Tuesday, April 1, 2008
Larry Salander was a man with a vision of righteousness: he believed that it was a travesty that Old Master paintings were going begging at auction, while contemporary pieces by artists like Koons were selling for millions. He saw it as a symptom of a larger cultural malaise; as an established NYC dealer, he set out to correct what he perceived as this terrible wrong.
Now he's tens of millions in debt, and being sued by those he once called friends. But for those of us not feeding at the gilded troughs of the uppermost echelons in the art world, his fall from grace is an instructive look at how hype and glamour can inflate an unregulated market; how an empires is built and then crumbles.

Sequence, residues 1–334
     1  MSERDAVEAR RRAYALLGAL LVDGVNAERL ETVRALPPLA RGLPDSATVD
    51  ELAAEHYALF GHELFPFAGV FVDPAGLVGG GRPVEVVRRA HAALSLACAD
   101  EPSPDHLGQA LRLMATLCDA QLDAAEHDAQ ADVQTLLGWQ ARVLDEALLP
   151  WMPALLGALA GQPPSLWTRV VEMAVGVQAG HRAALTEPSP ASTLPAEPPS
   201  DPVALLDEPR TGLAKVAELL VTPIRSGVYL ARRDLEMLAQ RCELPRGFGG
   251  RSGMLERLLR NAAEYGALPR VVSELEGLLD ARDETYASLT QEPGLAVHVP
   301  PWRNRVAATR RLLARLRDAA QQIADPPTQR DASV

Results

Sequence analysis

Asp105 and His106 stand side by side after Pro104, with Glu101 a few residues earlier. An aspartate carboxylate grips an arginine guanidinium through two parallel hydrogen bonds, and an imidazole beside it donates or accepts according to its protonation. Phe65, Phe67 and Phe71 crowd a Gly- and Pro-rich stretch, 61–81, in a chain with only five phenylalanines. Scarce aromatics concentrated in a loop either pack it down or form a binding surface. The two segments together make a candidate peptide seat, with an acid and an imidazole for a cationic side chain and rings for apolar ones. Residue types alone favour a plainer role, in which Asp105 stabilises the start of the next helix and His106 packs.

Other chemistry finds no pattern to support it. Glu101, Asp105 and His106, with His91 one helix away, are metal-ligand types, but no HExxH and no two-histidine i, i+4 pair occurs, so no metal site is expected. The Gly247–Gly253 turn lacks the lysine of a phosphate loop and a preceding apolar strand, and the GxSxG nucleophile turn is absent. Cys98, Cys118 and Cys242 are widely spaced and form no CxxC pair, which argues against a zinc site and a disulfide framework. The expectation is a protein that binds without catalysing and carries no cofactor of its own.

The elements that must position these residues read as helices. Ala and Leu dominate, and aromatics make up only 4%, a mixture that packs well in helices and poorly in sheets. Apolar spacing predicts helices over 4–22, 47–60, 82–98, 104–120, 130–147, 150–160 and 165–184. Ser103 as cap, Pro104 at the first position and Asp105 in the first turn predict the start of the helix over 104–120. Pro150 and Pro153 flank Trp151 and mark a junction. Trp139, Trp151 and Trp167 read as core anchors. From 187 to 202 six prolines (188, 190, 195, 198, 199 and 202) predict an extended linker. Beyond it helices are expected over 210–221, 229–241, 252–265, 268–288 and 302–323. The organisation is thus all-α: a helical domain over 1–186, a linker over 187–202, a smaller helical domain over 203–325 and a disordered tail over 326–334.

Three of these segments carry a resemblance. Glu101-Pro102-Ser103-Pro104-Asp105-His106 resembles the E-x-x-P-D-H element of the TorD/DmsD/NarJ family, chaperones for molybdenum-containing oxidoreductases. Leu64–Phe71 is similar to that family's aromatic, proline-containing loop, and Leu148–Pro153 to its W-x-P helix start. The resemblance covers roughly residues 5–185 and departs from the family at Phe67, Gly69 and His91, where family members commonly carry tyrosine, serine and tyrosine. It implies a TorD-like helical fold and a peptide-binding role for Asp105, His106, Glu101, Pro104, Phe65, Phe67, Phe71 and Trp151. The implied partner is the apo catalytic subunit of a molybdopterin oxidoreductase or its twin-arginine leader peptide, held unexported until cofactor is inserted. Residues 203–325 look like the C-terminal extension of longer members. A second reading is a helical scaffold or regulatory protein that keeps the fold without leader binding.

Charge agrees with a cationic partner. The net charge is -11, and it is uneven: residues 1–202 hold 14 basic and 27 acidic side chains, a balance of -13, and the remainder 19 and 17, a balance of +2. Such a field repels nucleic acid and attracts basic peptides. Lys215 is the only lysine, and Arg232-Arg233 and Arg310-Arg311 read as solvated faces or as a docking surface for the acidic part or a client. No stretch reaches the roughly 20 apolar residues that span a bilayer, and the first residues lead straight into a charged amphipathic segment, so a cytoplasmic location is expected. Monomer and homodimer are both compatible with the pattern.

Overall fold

For the story, cut and paste the links:
New York Magazine: http://www.printthis.clickability.com/pt/cpt?action=cpt&title=An+Old+Master+in+Ruins&expire=&urlID=27353033&fb=Y&url=http%3A%2F%2Fnymag.com%2Fnews%2Ffeatures%2F45324%2F&partnerID=73272
* image= Paul on the road to Damascus, Carravaggio